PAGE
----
James McClean's wife Erin has opened up on the impact of abuse directed at her husband, admitting that she once watched a match in fear after an anonymous person said they would be bringing a gun to the game.
The Ireland international has been active on social media in recent days, highlighting what he believes to be a soft attitude towards vitriolic and threatening messages aimed his way.
He was speaking in response to what appears to be a stronger stance taken by social media companies towards insults - be they racist or otherwise - sent to footballers via Instagram, Twitter or other forums.
McClean feels that anti-Irish invective sent his way is not taken seriously. His stance towards the poppy has made him a target for fans across the water, yet the most recent post he made public was from an individual suggesting he was going to burn downhis house with everyone inside in it.
That prompted Erin, the mother to his three children, to post her own experiences.
Leicester City's Marc Albrighton challenges Stoke City's James McClean. Photo: Reuters
"There isn't a day that goes by that either one of us don't receive a message of some sort, whether it be a threat or else telling us to get the f**k out of England," she wrote on Twitter.
"And to be honest it's gotten to the point where it doesn't affect us. However we have three very young children who are now at an age where they know and understand these things being said.
"Of course we have tried as hard as possible to keep them away from it all but there has been times where we are out shopping and there are people making remarks towards James in front of the kids. They don't deserve this.
"People ask me 'How do you deal with it?' and I always say we're well used to it but why should we be? Why should we have to read messages like that daily for almost a decade.
"We've been spat at, shouted at, nights out have been ruined by people making remarks towards him. I even remember someone threatened him saying they were taking a gun with them to a certain match and I can still remember watching that match in absolute fear on the TV.
"Every single day I'm online I'm seeing support of those who have been abused online by the big media outlets and rightly so. No one should be able to sit at a computer or phone and type these messages without some form of consequences.
"But for James it always seems the media (bar a select few) and have always bashed him when he's done anything."
She went on to reference the extent to which his poppy decision is brought into everything he does, even if it's a good news story.
"People may say he brings it onto himself and he doesn't help himself but he has only ever done something to react to the abuse he has received first," she continued, with an indirect reference to some mistakes the player has made on social media.
"Imagine having to take the abuse constantly and never getting the help or guidance in how to deal with it? He has been punished each time he has reacted and he has accepted that.
"People may not like him and that's completely fine, you do not need to like someone, but sending messages about his kids and family, yet he's not allowed to react? Unfair.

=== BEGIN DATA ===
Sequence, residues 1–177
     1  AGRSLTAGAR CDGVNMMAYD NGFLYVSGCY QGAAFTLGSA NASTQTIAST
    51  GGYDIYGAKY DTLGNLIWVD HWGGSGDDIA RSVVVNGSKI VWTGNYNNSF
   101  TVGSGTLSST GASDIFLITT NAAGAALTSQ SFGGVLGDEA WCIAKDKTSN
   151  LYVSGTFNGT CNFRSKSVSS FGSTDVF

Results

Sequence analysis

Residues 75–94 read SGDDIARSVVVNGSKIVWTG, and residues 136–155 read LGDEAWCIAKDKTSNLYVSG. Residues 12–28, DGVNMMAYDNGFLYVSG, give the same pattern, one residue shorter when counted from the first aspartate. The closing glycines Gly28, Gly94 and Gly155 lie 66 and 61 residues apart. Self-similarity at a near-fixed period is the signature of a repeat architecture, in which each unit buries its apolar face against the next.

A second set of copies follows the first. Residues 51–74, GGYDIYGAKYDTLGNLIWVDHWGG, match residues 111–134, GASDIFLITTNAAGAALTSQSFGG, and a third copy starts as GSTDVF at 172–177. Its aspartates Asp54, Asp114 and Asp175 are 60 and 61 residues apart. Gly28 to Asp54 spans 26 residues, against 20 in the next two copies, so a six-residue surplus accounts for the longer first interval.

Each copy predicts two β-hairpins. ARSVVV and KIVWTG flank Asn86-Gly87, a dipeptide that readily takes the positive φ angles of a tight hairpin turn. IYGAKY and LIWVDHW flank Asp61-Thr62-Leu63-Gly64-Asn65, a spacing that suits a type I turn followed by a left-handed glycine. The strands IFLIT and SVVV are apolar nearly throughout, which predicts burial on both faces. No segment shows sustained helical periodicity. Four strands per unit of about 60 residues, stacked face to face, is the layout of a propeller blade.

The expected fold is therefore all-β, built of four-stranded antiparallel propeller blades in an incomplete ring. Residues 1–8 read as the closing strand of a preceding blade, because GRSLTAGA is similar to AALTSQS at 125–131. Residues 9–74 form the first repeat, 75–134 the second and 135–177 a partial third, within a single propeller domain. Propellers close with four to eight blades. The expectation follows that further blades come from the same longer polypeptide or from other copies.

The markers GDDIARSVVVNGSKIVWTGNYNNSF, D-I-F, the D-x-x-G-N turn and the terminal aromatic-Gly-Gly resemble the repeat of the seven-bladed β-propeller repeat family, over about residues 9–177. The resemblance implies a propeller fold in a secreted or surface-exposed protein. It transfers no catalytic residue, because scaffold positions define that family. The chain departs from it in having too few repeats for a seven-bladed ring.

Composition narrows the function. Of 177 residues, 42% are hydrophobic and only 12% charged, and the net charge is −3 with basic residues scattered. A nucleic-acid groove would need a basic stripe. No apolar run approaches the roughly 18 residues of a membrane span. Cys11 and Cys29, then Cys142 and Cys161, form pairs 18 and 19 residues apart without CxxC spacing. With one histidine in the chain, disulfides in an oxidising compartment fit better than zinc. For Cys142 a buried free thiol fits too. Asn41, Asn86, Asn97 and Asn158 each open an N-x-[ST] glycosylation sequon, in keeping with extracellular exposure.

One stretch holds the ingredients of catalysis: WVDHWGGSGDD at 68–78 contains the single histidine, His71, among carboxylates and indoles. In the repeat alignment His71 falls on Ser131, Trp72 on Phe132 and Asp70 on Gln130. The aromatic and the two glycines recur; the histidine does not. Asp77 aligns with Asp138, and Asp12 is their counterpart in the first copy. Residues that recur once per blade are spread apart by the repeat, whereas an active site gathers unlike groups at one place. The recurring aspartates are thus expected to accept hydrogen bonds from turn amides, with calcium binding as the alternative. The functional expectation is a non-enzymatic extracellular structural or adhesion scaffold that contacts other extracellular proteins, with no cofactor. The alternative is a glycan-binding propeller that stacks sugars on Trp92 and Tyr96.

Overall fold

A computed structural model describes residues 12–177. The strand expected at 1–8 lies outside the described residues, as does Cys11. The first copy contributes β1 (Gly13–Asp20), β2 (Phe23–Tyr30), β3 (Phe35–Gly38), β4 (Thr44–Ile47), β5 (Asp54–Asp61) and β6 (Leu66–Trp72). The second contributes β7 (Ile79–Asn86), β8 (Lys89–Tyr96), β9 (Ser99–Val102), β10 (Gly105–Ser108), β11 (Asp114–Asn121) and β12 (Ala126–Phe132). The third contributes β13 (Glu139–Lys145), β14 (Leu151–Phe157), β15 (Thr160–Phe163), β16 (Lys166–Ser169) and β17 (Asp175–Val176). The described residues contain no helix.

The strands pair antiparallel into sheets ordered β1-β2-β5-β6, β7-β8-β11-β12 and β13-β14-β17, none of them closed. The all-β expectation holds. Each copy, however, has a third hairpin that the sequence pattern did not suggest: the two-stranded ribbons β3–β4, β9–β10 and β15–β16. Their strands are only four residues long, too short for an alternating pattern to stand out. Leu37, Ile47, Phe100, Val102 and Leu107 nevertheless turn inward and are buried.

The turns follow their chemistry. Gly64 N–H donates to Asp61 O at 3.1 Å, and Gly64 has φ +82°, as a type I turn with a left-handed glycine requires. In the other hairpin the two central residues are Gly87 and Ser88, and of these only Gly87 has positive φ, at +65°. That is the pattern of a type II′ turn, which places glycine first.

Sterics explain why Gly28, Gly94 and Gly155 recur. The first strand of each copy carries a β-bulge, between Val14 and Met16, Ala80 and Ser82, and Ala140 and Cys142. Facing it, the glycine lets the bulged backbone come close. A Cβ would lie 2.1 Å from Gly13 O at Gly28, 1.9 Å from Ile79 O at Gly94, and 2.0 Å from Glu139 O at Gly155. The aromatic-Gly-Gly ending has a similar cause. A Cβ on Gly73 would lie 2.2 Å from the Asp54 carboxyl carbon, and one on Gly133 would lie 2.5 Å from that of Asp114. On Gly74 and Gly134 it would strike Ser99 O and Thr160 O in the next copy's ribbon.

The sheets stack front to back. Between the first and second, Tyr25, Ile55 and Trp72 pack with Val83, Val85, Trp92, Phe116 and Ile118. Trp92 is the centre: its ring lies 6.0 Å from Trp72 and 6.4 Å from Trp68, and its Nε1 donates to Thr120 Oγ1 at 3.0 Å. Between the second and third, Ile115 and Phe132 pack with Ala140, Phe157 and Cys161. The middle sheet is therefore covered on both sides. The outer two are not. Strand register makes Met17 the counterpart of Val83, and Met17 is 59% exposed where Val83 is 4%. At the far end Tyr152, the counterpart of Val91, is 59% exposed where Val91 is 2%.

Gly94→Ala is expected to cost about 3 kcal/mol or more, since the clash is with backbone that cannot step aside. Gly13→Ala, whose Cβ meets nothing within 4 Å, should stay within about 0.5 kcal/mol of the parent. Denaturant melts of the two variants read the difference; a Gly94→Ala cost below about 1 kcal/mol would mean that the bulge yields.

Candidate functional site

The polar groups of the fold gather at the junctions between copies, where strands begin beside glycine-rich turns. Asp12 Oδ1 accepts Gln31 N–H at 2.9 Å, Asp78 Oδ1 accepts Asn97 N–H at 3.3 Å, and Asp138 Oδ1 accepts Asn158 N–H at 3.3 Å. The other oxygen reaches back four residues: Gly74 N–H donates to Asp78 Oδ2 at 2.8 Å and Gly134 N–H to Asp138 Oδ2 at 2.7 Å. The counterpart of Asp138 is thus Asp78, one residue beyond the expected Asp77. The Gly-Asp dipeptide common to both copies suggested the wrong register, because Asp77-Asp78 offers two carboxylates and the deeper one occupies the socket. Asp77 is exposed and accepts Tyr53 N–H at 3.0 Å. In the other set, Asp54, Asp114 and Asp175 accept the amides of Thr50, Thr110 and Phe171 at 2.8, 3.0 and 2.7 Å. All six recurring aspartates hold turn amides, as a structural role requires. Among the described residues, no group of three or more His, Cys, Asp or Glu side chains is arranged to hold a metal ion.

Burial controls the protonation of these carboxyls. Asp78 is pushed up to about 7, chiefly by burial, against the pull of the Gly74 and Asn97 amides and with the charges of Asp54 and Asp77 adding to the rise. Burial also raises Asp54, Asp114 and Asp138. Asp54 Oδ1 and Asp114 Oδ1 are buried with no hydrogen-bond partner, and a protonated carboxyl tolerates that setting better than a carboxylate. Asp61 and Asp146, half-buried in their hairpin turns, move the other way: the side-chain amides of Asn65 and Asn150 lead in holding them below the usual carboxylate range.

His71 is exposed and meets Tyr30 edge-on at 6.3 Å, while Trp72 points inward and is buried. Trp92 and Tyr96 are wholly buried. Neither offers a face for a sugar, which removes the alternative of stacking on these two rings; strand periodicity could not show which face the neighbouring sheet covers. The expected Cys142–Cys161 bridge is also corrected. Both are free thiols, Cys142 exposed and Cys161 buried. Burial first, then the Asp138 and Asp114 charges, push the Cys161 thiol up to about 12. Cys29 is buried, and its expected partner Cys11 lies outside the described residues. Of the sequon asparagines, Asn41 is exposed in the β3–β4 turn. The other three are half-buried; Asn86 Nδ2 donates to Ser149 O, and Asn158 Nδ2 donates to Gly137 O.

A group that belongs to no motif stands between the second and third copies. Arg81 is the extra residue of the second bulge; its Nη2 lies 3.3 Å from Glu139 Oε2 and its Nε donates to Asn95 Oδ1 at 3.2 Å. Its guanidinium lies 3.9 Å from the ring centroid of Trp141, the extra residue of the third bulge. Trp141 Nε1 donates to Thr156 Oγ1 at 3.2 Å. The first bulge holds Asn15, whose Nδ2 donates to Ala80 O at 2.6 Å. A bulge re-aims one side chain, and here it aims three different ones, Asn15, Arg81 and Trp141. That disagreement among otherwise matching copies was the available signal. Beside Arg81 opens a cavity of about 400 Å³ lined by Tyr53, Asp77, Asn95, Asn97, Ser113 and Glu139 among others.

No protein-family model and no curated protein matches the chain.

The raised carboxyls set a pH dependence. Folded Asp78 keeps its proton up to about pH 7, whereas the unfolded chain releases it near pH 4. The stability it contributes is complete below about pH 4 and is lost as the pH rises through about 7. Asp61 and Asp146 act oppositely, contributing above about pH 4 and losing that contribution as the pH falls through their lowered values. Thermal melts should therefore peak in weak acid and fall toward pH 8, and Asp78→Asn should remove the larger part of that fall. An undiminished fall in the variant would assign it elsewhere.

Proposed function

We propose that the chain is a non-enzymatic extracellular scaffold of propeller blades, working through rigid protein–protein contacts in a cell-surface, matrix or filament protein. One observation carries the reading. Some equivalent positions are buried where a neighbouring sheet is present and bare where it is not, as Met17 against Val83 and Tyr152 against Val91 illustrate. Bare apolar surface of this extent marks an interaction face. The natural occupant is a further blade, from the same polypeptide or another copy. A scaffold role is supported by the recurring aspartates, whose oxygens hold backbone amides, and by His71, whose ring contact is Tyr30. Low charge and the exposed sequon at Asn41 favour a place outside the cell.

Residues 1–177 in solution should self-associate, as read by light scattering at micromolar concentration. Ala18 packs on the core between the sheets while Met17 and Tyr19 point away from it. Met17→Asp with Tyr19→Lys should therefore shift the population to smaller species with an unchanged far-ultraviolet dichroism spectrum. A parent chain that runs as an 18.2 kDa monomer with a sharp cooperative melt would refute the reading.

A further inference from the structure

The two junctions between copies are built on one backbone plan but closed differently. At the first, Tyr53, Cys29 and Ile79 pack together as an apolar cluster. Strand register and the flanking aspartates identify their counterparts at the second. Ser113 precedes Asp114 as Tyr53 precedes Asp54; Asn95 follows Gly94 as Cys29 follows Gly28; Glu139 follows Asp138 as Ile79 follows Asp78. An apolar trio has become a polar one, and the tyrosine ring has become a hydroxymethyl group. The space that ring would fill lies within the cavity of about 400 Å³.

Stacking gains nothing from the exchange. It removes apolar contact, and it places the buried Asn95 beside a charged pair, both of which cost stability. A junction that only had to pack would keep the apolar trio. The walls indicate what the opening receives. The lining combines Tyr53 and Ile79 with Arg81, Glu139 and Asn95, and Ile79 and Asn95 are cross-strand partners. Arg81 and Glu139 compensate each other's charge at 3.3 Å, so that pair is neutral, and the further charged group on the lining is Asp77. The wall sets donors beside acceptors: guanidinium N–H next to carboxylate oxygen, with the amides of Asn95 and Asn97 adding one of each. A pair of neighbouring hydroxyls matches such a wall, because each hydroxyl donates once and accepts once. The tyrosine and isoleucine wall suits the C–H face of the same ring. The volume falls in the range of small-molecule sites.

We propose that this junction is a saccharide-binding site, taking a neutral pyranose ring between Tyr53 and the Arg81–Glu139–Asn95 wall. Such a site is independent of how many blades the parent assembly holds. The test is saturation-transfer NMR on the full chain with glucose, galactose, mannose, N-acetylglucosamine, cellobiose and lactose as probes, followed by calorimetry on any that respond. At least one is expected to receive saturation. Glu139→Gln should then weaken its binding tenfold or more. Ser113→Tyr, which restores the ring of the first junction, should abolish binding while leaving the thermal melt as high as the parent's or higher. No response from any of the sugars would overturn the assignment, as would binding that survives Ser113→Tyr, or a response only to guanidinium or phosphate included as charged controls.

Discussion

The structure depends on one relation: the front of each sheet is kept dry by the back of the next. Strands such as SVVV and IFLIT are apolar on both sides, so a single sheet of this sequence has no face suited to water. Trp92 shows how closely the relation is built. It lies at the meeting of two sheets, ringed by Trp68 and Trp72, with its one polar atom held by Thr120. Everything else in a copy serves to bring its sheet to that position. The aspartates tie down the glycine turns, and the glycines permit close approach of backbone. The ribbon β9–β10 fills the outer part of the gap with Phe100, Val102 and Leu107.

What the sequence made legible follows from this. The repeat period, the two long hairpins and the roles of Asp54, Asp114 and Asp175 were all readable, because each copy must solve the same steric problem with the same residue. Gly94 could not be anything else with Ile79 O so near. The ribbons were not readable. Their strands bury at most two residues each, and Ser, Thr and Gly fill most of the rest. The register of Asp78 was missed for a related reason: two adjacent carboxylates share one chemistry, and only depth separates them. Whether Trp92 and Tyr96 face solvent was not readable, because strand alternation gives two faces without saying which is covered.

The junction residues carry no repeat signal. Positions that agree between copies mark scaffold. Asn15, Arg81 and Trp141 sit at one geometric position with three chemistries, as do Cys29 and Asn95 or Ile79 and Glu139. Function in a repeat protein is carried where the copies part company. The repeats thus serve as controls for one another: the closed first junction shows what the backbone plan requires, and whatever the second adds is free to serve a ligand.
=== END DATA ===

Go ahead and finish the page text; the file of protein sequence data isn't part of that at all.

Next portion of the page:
"James is truly a good person. He loves nothing more than chilling at home with his kids. He can react to situations for sure but he never initiates them.
"Many don't understand his beliefs and that is completely fine we don't expect you to understand but those people who judge him for that do not know or try to understand where we grew up (she also hails from Derry) and the history of our city.
"If they did, they would see past his decision and judge him solely on his football.
"But the internet is a scary place and anyone can write a threat to someone. My concern is if only one of these people throughout the years really meant it.
"What happened to being kind? It only works when it suits a specific narrative. Some people can only take so much abuse given towards them and so many unnecessary and tragic things have happened in recent years from people on the receiving end.
"We're lucky we can see past it and we have some of the best support from family, friends and strangers."
The FAI also released a missive to say they had been in touch with McClean.
New CEO Jonathan Hill said: “The FAI remains committed to safeguarding all of our players against any form of abuse on any social media platform. To abuse or threaten James or any player because of his nationality should not be tolerated by society. Unfortunately, such behaviour is all too common now on social media.
“Only last week we commended the stance taken by English football against the abuse of footballers across all social media channels and we are examining how best we can take a similar stance.”
The statement added that 'under the leadership of Intercultural Programme National Co-ordinator Des Tomlinson, the FAI is currently working on new Racism and Discrimination policies which will be presented to Board in the coming weeks.'
Tomlinson said: "The latest incident involving James and his family highlights how important this work is and why football needs to take action.
“In recent times many of our players have been victims of social media abuse, hate speech and threats including Jonathan Afolabi, Cyrus Christie and James. It is not acceptable and I will assure James of our full support as he deals with this.”